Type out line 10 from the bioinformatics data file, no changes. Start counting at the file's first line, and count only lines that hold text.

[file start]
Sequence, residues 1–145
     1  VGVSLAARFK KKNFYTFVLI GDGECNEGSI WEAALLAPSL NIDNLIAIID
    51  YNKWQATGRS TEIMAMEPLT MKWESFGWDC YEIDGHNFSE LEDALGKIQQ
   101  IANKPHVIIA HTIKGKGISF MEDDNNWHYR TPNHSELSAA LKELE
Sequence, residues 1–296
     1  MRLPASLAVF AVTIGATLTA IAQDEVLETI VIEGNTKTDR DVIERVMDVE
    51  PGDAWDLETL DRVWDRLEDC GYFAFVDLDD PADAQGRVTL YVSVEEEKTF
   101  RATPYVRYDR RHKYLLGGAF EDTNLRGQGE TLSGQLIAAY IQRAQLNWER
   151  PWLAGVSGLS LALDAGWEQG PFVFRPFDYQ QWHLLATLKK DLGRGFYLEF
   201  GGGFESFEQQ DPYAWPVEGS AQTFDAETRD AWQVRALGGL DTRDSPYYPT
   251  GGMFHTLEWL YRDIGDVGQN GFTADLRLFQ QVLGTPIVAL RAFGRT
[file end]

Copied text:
   201  GGGFESFEQQ DPYAWPVEGS AQTFDAETRD AWQVRALGGL DTRDSPYYPT